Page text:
Successful Sea Trial Of Bio-Methane From Cattle Manure As Marine Fuel On LNG Fueled Vessel

A group of seven companies today announced the completion of a successful the trial using liquefied bio-methane (LBM) (Note 1) derived from cattle manure as marine fuel on the domestic LNG fueled vessel Ise Mirai (Note 2) in Ise Bay. This marks Japan’s first use of carbon-neutral LBM derived from biomass.

Teaming up on the project were Mitsui O.S.K. Lines, Ltd. (MOL; President & CEO: Takeshi Hashimoto; Headquarters: Minato-ku, Tokyo), Air Water Inc. (Air Water; Chairman & CEO: Kikuo Toyoda; Headquarters: Chuo-ku, Osaka), Techno Chubu Company, Ltd. (Techno Chubu; President: Shunichiro Ide; Headquarters: Nagoya-shi, Aichi Prefecture), Kyoudou Kaiun Co., Ltd. (Kyoudou Kaiun; President: Joji Nishimura; Headquarters: Yokkaichi-shi, Mie Prefecture), MOL Coastal Shipping, Ltd. (MOL Coastal Shipping; President & CEO: Hiroshi Kobayashi: Headquarters: Minato-ku, Tokyo), Cenergy Co., LTD (Cenergy; President: Minoru Yasui; Headquarters: Nagoya-shi, Aichi Prefecture), and IHI Power Systems Co., Ltd. (IHI Power Systems; President: Takashi Murasumi; Headquarters: Chiyoda-ku, Tokyo).

Cattle manure-derived LBM is used as a marine fuel. Image Credit: MOL.

The trial was conducted based on a memorandum of understanding (MoU) (Note 3) signed between MOL and Air Water in February 2023, with the cooperation of other parties involved, as follows:

  • Shipper: JERA Co., Inc.
  • Carrier: Techno Chubu
  • Operator/Shipowner: Kyoudou Kaiun (Joint shipowner: Techno Chubu, MOL Coastal Shipping)
  • Truck transport: Cenergy
  • Bunkering operator: Cenergy, Kyoudou Kaiun
  • Engine manufacturer: IHI Power Systems
Process of LBM production, and supply chain for use on LNG-fueled vessels. Image Credit: MOL.

In the trial, Air Water supplied LBM produced from cattle manure in the Tokachi region of Hokkaido as part of a technology development and demonstration project (Note 4) adopted by Japan’s Ministry of the Environment. All the parties involved confirmed the following through ocean transport of JERA’s cargo.

  1. LBM can be transported through the existing domestic LNG supply chain.
  2. Truck-to-ship bunkering (Note 5) of LBM can be completed using existing LNG tank trucks.
  3. LBM can be used by existing vessel (Ise Mirai) as marine fuel.
LBM truck-to-ship bunkering. Image Credit: MOL.

LNG fuel is expected to reduce carbon dioxide (CO2) emissions by about 25% compared to conventional fuel oil, but further reduction of CO2 emissions can be expected through the partial use of LBM, a carbon-neutral energy source. In addition, because the main component of both LBM and LNG is methane, the existing LNG supply chains can be used, so LBM can be an effective solution to achieve low-carbon and decarbonized ship operations.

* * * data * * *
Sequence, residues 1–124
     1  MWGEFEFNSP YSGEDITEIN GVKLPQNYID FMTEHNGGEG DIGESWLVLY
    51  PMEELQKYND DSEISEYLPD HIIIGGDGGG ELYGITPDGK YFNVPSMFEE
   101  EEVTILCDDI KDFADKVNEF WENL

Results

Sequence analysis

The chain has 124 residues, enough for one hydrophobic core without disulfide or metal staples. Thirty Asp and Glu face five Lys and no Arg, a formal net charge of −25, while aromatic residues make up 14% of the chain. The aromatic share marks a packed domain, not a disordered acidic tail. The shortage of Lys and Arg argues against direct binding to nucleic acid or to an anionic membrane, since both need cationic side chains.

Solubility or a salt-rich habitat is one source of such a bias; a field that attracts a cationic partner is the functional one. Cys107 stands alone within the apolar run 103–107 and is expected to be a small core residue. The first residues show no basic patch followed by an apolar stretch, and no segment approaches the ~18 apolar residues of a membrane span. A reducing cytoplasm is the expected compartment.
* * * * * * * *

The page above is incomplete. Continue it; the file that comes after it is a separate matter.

MOL and Air Water will continually contribute to the development of low-carbon and decarbonized ocean transport by leveraging each other’s knowledge and experience in the use of LBM as marine fuel.

(Note 1) LBM is made with bio-methane generated from dairy-owned biogas plants, liquefied at about -160°C, separating and refining its main component, methane. Methane can be compressed to 1/600th of its volume when liquefied, enabling it to be transported on a large scale. It is also a carbon-neutral domestic energy source because it is made from cattle manure.

(Note 2) The vessel was jointly built by MOL Coastal Shipping, Techno Chubu, and Kyoudou Kaiun, and was delivered in December 2020. It is the first LNG fueled ocean cargo vessel in Japan. It was built with support from Japan’s Ministry of the Environment and the Ministry of Land, Infrastructure, Transport and Tourism under the “Model Project for Reducing CO2 Emissions from Ships through the Use of Alternative Fuels” aimed at demonstrating technology to optimize combustion efficiency in LNG-fueled gas engines and supply systems, with the aim of significantly reducing CO2 emissions from ships.

Press Release

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